Portland, Oregon: Where You Can See Forever
by Ruby Bayan
January may not be the best time to tour Portland, especially if you're a year-round sunshiny Floridian like my partner and me. But if a week in the dead of winter could give us the clear weather we had when we were up there, any time of the year can be the finest time to visit Oregon.
Before England's Francis Drake set foot on the shores of Oregon in 1579, what later was nicknamed The Beaver State was home to 125 tribes of Indians who hunted in a mild climate that ranged between 32 and 66 degrees F all year round. For many years, England traded with the Oregon Indians for fur that they sold to China. In 1811, the American Fur Company, founded by John Jacob Astor built a trading post in the town that became known as Astoria.
American settlers in wagon trains came into the Willamette Valley through the Oregon Trail in the early 1840s; and by 1853, Oregon acquired statehood, being the 33rd state of the Union. A fifth of Oregon's economy is accounted for by its timber industry and wood and paper manufacturing; and today, Oregon is one of the keenest adherents of environment consciousness and diversity preservation.
Sights to See
Whether you're a new resident or an old timer of the USA, if it's your first tour of Oregon, Portland is the best place to book temporary residence because from there you can drive to and from the most prominent attractions within a day. Here are the most beautiful sights in and around Portland:
Northern Oregon Coast
Block off one whole day for a leisurely drive down the famous Oregon coastline. Take US-26 West from Portland all the way to the beach -- the drive wouldn't seem hours long because the panorama of the country scene of orchards, wineries and open farms are truly engaging. Watch out for the sign that points to the largest Sitka spruce tree in the US and stand next to a national treasure.
You will drive through the Douglas fir forests of the Oregon Coast Mountain Range that parallel the 296 miles of Pacific Ocean coastline, and come into the favorite vacation spot of north westerners, the coastal resort, Seaside. You'll see the monument where the Lewis and Clark expedition first met the Pacific Ocean.
Drive southward along Highway 101 and marvel at the most photographed Haystack Rock along Cannon Beach. Try the fresh catch in any of the string of seafood restaurants that line the shore. Continue south to Tillamook Bay where the famous Tillamook Cheese factory gives an open tour of how their popular cheeses are made, and then drive on back to Portland after watching the red-orange sun sink into the ocean.
Columbia Gorge Scenic Highway
The 80-mile long river canyon known as the Columbia River Gorge that divides Oregon from Washington is a sea-level route that cuts through the Cascade Mountain Range. Its 292,500 acres became a National Scenic Area when President Ronald Reagan signed an act forging the interagency and tribal cooperation among the USDA Forest Service, the Columbia River Gorge Commission, and the states of Oregon and Washington.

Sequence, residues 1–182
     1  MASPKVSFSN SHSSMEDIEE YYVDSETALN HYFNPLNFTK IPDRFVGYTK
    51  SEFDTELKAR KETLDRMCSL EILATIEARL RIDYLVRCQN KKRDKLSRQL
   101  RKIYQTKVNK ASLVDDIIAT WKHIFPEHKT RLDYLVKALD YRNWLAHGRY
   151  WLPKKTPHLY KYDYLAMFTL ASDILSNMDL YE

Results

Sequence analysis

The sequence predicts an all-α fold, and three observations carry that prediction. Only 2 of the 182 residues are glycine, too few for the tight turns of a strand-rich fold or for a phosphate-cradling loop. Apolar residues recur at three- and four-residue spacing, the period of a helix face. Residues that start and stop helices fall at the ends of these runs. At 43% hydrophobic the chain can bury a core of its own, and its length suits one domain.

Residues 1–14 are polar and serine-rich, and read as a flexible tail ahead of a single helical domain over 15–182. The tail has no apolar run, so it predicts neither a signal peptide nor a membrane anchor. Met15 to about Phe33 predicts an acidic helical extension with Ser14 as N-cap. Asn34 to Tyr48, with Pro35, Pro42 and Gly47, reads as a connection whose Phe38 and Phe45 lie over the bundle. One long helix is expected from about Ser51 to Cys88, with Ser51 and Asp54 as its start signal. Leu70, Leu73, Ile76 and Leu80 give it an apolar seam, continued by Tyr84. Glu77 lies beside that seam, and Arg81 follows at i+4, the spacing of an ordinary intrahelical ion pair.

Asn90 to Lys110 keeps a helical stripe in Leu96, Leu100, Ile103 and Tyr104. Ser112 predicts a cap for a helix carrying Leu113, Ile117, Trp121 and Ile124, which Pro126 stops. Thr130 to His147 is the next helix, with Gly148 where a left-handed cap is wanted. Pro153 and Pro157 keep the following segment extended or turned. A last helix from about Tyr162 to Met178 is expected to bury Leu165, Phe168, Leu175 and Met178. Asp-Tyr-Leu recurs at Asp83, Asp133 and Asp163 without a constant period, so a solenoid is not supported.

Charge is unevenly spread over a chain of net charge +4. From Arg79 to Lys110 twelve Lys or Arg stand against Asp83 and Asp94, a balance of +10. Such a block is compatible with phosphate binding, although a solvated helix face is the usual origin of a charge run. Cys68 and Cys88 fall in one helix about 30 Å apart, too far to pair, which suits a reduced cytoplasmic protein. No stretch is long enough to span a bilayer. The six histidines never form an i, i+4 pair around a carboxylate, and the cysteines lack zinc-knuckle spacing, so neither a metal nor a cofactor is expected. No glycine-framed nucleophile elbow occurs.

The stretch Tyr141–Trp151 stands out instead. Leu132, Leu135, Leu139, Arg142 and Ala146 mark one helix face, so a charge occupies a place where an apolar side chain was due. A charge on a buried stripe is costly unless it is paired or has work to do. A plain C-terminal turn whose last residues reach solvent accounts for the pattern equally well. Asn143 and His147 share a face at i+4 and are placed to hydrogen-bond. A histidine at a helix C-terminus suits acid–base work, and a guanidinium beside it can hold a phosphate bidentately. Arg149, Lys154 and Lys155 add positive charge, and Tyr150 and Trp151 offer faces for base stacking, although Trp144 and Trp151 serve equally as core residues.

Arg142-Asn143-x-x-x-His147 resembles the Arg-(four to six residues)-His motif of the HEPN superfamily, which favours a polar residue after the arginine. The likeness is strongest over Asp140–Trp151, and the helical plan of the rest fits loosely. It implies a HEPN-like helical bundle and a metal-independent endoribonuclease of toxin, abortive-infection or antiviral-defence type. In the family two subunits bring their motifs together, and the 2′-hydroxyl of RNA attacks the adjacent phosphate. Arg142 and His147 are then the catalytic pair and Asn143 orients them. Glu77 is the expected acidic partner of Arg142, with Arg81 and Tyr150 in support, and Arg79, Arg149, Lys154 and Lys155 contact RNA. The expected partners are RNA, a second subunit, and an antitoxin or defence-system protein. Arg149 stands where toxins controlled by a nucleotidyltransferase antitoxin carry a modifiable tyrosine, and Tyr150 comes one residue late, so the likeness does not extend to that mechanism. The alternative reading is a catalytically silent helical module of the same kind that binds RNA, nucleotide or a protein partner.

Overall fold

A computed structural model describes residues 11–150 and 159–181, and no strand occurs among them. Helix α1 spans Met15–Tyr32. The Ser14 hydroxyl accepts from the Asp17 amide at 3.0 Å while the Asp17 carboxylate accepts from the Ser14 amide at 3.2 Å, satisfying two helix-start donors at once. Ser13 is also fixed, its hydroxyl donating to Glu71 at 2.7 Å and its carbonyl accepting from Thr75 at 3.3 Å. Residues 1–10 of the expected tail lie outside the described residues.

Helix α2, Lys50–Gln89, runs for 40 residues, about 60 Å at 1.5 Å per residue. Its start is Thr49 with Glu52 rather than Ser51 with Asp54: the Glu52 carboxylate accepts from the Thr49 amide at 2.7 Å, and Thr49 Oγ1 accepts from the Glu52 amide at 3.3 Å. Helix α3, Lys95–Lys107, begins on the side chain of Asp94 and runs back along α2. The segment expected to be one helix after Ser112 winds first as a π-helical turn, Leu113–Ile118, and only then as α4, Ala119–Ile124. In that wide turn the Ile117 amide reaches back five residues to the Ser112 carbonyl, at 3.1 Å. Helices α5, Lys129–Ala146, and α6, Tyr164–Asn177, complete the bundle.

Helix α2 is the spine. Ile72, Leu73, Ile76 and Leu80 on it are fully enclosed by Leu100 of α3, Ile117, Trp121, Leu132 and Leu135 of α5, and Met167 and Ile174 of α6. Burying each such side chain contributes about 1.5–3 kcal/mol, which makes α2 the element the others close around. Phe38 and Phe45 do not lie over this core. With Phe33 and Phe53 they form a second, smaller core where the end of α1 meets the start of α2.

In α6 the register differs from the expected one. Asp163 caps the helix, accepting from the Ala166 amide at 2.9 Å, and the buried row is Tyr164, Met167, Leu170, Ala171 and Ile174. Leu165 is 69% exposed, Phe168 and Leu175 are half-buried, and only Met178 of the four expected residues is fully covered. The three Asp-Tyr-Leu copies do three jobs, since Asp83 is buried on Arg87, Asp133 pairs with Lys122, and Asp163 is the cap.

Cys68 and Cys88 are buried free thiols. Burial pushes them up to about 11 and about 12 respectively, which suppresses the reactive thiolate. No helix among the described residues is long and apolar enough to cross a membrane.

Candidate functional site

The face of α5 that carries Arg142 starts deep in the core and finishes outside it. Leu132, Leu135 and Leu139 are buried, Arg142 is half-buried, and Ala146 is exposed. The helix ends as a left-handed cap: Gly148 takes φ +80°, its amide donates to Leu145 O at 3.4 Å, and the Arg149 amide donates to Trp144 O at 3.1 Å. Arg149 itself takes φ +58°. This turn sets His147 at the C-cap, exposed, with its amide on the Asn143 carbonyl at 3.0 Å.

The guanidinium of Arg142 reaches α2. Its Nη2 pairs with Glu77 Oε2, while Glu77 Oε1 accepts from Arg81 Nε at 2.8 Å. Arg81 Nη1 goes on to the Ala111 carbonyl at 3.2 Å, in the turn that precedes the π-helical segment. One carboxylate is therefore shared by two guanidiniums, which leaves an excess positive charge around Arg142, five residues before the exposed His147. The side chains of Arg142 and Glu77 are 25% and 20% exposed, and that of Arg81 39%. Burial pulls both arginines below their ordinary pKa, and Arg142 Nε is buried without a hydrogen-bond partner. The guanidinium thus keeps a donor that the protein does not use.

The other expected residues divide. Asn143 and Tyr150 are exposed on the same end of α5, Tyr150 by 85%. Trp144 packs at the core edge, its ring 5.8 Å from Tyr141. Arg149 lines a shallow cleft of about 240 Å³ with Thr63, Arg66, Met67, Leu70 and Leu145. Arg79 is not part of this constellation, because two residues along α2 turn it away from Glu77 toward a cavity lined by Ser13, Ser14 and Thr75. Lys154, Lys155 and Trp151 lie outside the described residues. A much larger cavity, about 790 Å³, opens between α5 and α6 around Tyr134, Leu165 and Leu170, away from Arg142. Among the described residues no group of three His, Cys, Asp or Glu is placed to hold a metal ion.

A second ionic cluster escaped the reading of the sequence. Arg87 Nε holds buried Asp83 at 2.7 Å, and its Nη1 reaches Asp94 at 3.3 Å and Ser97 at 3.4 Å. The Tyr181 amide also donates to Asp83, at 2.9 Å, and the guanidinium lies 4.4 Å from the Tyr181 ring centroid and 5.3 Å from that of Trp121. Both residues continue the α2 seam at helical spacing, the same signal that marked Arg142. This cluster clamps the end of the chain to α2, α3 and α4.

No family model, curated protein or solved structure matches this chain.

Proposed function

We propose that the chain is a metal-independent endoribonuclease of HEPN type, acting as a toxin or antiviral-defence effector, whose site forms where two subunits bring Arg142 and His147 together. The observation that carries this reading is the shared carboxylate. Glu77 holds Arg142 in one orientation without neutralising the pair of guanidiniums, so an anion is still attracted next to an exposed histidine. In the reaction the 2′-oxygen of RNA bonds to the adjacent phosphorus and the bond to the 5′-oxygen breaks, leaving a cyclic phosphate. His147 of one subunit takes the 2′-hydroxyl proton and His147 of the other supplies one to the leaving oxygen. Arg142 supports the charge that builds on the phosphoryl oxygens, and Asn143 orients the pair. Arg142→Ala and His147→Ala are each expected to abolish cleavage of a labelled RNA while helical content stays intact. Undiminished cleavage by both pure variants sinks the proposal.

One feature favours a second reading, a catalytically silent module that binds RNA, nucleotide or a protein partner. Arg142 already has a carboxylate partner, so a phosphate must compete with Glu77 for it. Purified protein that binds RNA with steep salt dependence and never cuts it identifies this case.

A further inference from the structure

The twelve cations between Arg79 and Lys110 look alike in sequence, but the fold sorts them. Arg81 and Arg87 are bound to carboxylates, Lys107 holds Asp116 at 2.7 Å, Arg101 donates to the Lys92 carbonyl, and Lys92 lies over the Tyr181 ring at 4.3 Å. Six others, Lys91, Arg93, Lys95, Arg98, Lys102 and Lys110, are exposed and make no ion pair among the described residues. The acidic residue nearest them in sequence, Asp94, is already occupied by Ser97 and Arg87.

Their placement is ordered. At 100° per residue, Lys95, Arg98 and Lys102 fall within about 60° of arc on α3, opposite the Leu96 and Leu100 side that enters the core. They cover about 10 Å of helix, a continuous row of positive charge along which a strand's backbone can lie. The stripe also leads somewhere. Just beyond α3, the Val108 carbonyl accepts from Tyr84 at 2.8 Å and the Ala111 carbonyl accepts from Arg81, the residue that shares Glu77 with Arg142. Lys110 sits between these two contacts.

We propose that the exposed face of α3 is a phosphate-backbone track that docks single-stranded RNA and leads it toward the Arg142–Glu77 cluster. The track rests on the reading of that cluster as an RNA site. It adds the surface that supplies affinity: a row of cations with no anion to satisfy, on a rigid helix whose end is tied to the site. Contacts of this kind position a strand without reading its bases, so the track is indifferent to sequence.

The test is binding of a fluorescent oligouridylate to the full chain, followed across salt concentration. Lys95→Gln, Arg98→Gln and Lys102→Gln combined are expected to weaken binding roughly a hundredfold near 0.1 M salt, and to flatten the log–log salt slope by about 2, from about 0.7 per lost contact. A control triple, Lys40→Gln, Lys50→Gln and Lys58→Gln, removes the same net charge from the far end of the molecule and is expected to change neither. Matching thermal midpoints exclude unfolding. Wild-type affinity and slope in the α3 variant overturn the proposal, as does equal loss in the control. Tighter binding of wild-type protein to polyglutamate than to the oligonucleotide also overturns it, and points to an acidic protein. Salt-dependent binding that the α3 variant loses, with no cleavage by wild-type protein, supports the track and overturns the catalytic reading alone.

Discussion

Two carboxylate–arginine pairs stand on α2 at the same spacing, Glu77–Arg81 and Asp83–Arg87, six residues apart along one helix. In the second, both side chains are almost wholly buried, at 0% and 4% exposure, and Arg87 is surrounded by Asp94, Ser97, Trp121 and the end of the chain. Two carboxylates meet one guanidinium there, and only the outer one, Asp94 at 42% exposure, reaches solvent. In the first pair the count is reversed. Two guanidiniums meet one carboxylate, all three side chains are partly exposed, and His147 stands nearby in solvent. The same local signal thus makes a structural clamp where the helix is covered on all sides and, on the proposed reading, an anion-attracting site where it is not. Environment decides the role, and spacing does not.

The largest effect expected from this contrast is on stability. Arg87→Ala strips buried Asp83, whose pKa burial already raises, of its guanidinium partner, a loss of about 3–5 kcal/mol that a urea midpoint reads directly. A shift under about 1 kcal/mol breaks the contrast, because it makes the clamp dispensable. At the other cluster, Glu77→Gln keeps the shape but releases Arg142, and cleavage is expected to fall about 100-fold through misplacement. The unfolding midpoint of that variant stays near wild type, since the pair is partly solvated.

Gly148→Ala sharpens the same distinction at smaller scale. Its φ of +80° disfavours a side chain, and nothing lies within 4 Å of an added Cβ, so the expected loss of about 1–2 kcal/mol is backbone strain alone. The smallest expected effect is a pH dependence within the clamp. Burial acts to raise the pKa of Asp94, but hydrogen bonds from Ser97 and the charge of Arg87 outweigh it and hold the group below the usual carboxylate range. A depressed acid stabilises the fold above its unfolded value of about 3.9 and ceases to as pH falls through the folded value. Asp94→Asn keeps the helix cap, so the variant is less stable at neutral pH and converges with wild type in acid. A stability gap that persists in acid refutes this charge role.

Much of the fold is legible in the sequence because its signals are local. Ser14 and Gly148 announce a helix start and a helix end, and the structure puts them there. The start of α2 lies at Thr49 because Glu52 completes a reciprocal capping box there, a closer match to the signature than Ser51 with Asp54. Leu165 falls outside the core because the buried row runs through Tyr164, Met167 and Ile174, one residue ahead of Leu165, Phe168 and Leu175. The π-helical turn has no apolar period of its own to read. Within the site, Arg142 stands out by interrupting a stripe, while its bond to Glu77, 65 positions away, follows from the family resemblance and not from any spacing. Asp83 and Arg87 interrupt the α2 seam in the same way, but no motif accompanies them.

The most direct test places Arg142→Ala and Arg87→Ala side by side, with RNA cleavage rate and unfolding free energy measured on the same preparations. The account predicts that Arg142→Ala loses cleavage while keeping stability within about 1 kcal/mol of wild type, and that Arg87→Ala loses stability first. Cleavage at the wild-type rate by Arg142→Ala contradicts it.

From Portland, take I-84 east to Exit 17 at Troutdale, and jump onto the Historic Columbia River Highway (I-30). Eleven miles east you will come to one of the most spectacular lookouts along the Gorge, the Crown Point State Park. Designated a National Natural Landmark in 1971, and highlighted by the Vista House which was built in 1918, Crown Point is one of the most visited attractions in Oregon. From the Vista House that sits high above a bluff overlooking the Columbia River Gorge, you can almost see forever -- or at least a panoramic view that extends as far as 35 miles.
Continue eastward along the Historic Highway, and start counting waterfalls -- there are a total of 77 along the Gorge. One of these worth stopping and hiking for is the Bridal Falls; but if you must pause and be one with just one waterfall, the magnificent Multnomah Falls gives you all the reasons to do so. It drops 620 feet from Larch Mountain, and is the second highest year-round waterfall in the US.
A timeless natural wonder, the Multnomah Falls is nature at its best. Well-preserved hiking trails lead to the Benson arch bridge that puts you closest to the rushing waters, and all the way to the top of the falls, where you can take in the dazzling view of the Cascade Mountains and the Columbia River Gorge.
Your trip to Oregon wouldn't be complete without a day on the state's highest mountain peak, Mt. Hood. Driving along Highway-26 east to Government Camp then Highway-35 north, you will see the snow-capped Mt. Hood standing alone, practically beckoning. Its leading natural terrain parks, the Ski Bowl, Mt. Hood Meadows, and Timberline Lodge, year-round favorites for skiing and snowboarding, are not only the most accessible winter destinations in the Northwest, they also offer breathtaking views of a horizon of snow-mantled peaks and valleys.
A week in Portland will give you enough time to visit the other attractions that make Oregon unique. There's the Bonneville Lock and Dam, a powerhouse and historic landmark where the US Army Corps of Engineers monitor the migration of salmons along the Columbia River. The Pittock Mansion on the West Hills of Portland is a French Renaissance Mansion built in 1909. Downtown, you can visit the World Forestry Center, and the Japanese Gardens that are known to be the most authentic in the nation.
So, if you're ever up in the Northwestern part of the US, make it a point to stay for a week or so in Portland. It may seem like its always raining in Oregon -- but some days, Mother Nature parts the clouds and lets you see forever.
[First published at New2USA.com, 2000]